Saturday, June 2, 2012

Visitors among Other Invasive Creatures

(I welcome your comments and questions through the "comments" option below any entry. --Laura)

Everyone who has a second home on a lake or beach or other attractive setting has stories about their visitors.  Below are some of mine. 

Like any parent who is sure that his baby is the most beautiful in the world, Bryan’s love affair with the state of Alaska and his property adventure had prompted him to invite everyone on the planet to visit us over the next few summers.   Initially, I looked forward to these visitors as a break from outdoor labor.  On the other hand, the experiences of our first few visitors soon engendered in me an intense reaction approaching xenophobia.  I came to fear an onslaught of na├»ve visitors, larded up with the same multi-faceted ignorance that we demonstrated so amply on any given day.  Given Bryan’s superlatives, what if they expected a vacation resort rather than what was really a remote homestead?  What if they regarded words like “rustic” as something that still included indoor plumbing and a gravel road to a doctor or shopping mall?  On the other hand, what if they thought they knew their way around guns and fishing hooks and fire ... because they were of a particular gender that assumes muscle memory from being a cub scouts several decades earlier or watching Discovery Channel once upon a time.

With each ensuing visitor, I adapted a planning, and packing guide – whether to encourage or discourage visitors is open to interpretation.  I also limited the number of guests to one set per month and, except for relatives, to 3 days,  after one particularly social summer when I cooked 156 person/meals (yes - I counted) for business friends of my husband (and their families) - people I had never met before and rarely seen since.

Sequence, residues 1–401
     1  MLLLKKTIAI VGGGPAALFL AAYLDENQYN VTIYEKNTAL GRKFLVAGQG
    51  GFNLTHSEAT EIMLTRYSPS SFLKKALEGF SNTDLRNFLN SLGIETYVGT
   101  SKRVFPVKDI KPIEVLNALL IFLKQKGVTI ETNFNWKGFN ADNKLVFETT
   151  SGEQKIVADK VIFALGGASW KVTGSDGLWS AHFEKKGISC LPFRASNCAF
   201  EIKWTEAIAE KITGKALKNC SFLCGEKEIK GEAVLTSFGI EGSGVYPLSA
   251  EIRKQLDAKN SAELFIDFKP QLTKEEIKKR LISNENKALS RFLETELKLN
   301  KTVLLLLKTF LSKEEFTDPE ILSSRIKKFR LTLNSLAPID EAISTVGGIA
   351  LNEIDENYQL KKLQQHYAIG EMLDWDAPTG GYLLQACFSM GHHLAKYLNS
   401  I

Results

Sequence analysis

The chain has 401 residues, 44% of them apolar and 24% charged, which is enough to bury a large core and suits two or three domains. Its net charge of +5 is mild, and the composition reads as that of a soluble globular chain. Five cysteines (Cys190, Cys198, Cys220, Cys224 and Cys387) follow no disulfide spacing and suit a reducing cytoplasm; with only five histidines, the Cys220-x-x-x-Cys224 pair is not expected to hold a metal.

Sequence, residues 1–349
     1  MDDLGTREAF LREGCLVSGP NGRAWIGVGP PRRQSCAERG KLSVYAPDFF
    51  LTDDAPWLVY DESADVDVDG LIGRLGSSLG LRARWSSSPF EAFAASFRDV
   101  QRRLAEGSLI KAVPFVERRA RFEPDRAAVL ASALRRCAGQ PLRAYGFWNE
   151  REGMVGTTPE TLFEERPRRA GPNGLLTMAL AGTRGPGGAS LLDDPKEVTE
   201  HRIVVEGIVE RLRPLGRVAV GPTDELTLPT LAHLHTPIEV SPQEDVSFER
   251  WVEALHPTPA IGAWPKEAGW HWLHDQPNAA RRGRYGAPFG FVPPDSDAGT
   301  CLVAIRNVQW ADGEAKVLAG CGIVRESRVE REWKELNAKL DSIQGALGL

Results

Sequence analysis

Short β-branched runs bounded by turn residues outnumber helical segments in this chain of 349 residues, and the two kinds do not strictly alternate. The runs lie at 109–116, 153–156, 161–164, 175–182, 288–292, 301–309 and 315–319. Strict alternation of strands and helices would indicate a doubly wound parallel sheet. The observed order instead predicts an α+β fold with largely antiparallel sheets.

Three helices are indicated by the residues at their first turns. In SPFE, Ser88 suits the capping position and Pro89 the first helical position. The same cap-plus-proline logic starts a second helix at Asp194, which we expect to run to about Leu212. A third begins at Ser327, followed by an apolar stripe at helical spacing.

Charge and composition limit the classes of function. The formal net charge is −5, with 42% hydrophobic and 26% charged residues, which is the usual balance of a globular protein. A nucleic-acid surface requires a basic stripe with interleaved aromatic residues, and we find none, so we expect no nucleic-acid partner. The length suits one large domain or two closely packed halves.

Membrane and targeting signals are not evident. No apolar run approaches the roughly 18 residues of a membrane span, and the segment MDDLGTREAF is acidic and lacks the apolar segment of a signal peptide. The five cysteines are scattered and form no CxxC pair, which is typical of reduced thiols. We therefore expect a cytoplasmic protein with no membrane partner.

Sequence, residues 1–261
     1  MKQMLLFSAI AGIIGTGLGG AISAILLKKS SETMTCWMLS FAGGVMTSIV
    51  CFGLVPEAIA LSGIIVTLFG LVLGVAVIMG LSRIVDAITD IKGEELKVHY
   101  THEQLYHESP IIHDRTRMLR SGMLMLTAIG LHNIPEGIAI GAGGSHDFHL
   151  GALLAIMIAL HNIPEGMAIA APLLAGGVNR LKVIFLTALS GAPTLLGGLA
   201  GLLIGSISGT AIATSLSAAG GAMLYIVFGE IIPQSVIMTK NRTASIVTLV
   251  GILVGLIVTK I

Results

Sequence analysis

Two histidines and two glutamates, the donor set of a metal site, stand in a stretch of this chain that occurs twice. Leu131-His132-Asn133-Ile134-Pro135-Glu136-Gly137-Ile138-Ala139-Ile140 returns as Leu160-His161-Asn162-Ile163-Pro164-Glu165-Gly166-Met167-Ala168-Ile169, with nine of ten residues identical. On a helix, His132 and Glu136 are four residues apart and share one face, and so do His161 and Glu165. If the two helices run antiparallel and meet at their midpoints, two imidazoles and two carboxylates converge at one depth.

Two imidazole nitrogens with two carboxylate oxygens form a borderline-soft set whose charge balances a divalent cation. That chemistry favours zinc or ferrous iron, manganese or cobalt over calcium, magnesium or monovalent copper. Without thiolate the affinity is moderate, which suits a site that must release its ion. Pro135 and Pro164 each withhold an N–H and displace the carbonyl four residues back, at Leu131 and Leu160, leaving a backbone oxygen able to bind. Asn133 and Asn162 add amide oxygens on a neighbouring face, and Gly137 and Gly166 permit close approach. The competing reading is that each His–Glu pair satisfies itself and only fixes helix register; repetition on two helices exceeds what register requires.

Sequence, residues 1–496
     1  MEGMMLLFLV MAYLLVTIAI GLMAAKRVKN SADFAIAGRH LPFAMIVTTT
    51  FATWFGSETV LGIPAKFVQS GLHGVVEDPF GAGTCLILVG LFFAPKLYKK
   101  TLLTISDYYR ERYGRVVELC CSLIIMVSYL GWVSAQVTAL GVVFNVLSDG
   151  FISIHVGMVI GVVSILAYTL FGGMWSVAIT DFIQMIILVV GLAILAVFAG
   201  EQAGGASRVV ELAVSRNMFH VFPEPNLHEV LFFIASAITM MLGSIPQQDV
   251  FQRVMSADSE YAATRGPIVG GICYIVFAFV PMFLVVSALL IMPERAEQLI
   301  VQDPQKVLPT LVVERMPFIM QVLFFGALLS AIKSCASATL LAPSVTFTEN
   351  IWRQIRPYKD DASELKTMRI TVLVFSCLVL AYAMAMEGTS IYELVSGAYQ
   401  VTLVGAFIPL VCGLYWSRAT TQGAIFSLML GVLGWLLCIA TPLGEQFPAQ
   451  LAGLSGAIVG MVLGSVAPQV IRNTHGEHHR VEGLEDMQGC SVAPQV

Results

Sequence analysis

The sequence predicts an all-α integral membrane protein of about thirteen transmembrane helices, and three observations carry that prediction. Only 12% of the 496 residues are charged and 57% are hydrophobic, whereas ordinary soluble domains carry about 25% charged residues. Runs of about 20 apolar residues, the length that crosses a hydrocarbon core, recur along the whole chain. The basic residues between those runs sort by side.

Below are some of the "best - worst guest anecdotes." 

 (Dear Friends:  you know who you are).

One guest thought the word, "Outhouse" was a euphemism.  It is my impression that he remained constipated the entire week. 

On his first fishing foray, one man failed to wear gloves when he hauled a three foot fighting pike into the kayak and hooked his finger, necessitating the painful procedure of pushing the hook all the way through before cutting it out.  The poor guy worried about sepsis for the remainder of his visit, but didn't want to hire a plane to take him to an Anchorage doctor. 

A friend came with her daughter.  She brought a glass French coffee press with her, which broke, and organic salad greens, but no hiking boots.  On a hike through a bog to a salmon stream, their sneakers kept getting sucked off their feet by the mud.  The exertion exacerbated the daughter's asthma.  The medicine was back at the cabin.  
Note the bear spray on the right and the gun on the left

A couple with very different personalities visited.  The introverted wife loved the silence and frequently kayaked off alone, and I could understand why - her extroverted husband never stopped talking.  Maybe he felt out of his element, or disconcerted by the quiet, because he felt compelled to fill each moment from the first cup of coffee to the 10 pm gorgeous sunset with a non-stop monologue about his business experiences and prior vacations.  I took the other kayak whenever it wasn't raining and left my husband as the designated listener.  After she left, the wife told me that she teared up when she flew away from our lake.  The quietude was really something she had needed.  Me, too! 

I've noticed that men in particular like to start bonfires, so I offered that task to one man while I gathered additional wood.  After a while, he said that "there was something wrong with the matches."  I watched him for a bit.  He was holding a little match under a log!  Hmmm.  What to do.  I invited him to gather some wood while I lit a piece of birch bark and dry leaves before adding a few twigs he could add to when he returned.